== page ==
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This article was originally published on Forbes.com, under Jeff Miller's Forbes Human Resources Council column.

When I stepped into my first management role, one employee on my new team was struggling. His performance was poor; he came in late — he even fell asleep at his desk. But when I fired him, he said something I've always remembered: “I know I'm not the best at this job, but there was a time where I really tried — and you never seemed to notice."

In psychology, we call this the sustaining expectations effect, a term from studying kids in the classroom. Research suggests teachers often respond to a student's behavior based on their expectations, rather than acknowledging a change in behavior. When teachers fail to recognize a show of good behavior from an often poorly behaving student, for example, the student reverts to their bad behavior.

The experience with the employee I managed taught me the importance of practicing consistent feedback on behavior. And in fact, research shows 98% of employees will be less engaged in their work when managers give limited or no feedback.

But giving feedback is no easy task for a variety of reasons. We might be afraid to upset the other person. In my case, I was concerned the employee might not be receptive to feedback because I was a new manager. Ever since, I've explored how to have feedback conversations that leave employees feeling empowered to achieve their goals, rather than hurt or frustrated. Here are four steps to follow:

1. Observe with both eyes open.

The first rule of good feedback is simple: You can only give feedback on what you see and hear. If one employee raises an issue they're having with a colleague, don't jump to give feedback to the colleague. Instead, observe them more closely to see for yourself.

Remember to be objective in your observations. Feedback based in personal bias is a recipe for the employee to take it personally. For example, if I heard that one of my employees was lazy and I observed her desk was a mess, I might perceive laziness. But I might be biased toward tidiness while, in reality, the employee is too busy to clean; she might even work better in the clutter.

To remain objective, I would look instead at whether (and how) her work is suffering compared to her norm. This would help me come up with a specific, work-related issue to raise with her — and give us something to have an objective, collaborative discussion around.

2. Ask yourself three questions before giving the feedback.

I like to call this next step — after observation and before delivering the feedback — the “check yourself before you wreck yourself" step. I notice managers often aren't prepared to deliver feedback, so the conversation is amorphous, and the employee feels deflated. Instead, take a moment to ask the following questions:

• Have I identified what I want to see change? If so, figure out how to communicate that in specific terms. “You seemed disengaged in our meeting today," is vague. Instead, identify the (objective) facts: “You seemed disengaged in our meeting today because you didn't participate in the conversation like you normally do." Now, the employee knows what behavior you're giving feedback about and how to adjust.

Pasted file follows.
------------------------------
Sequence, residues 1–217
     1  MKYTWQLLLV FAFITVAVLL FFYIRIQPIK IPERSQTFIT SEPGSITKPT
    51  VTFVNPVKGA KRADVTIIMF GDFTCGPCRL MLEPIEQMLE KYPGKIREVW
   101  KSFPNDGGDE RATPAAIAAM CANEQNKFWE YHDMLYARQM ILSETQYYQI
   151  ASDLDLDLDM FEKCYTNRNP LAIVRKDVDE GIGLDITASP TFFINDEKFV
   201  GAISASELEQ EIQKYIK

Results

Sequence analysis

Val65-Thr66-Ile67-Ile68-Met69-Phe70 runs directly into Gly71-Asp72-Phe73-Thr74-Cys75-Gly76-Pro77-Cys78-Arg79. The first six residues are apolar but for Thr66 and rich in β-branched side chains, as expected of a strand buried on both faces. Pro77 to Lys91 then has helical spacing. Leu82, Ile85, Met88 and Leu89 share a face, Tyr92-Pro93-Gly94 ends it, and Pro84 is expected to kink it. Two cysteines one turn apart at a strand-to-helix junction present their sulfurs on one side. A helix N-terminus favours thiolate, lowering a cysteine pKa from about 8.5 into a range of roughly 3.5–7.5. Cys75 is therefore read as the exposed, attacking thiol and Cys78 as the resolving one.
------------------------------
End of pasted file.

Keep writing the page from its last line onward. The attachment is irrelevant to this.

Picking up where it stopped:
• What has this person's experience at work been in recent weeks and months? Behavior doesn't happen in a vacuum. There might be extenuating circumstances (a family issue, a major change in their team structure) to consider.

• Whose needs am I meeting with this feedback? Not all feedback that you feel compelled to give will be beneficial to the employee — sometimes, the impulse to give feedback might actually come from a place of frustration. It can be tough to tell the difference, so ask a trusted colleague for some perspective.

3. Build trust when giving feedback.

With steps one and two covered, you are prepared to give feedback. Still, it can be especially daunting if you don't have a great rapport with the employee. And likewise, giving feedback to someone you're very close to can be difficult. In these cases, start by establishing trust in the conversation.

For example, I was put into a management position above my friend, which created some tension and a lack of trust. He doubted my authority and my interest in supporting him. What helped to change the conversation was showing him I was invested in his goals by telling him when I gave feedback. I said: “I know you want to be promoted. I would like to invite you to receive some feedback that may help you achieve your goal," rather than, “Here is my feedback." This established trust and helped us have a good conversation — and in the end, it also helped us repair our relationship. Eventually, he was promoted and had his own team to manage.

4. Set actionable steps.

Giving feedback doesn't end with the delivery. Rather than saying, “Here's what you did, and here's what I want you do," talk about the different options for moving forward, and set clear action steps. Ask, “What do you think we can do?" and “What can you commit to, and when can we follow up on it?" If you're co-constructing goals this way, you've got a mutual buy-in from the person you're giving feedback to. When the person has made some of those changes, recognize and celebrate them.

The majority of employees report wanting more feedback. As a manager, ensure your feedback is consistent and follows these steps, and you'll be more likely to have productive conversations with employees about their performance — and start seeing real improvements. In fact, after you've been through the feedback process once or twice with an employee, they might start asking for your feedback before you even offer it.

Photo: rawpixel via Unsplash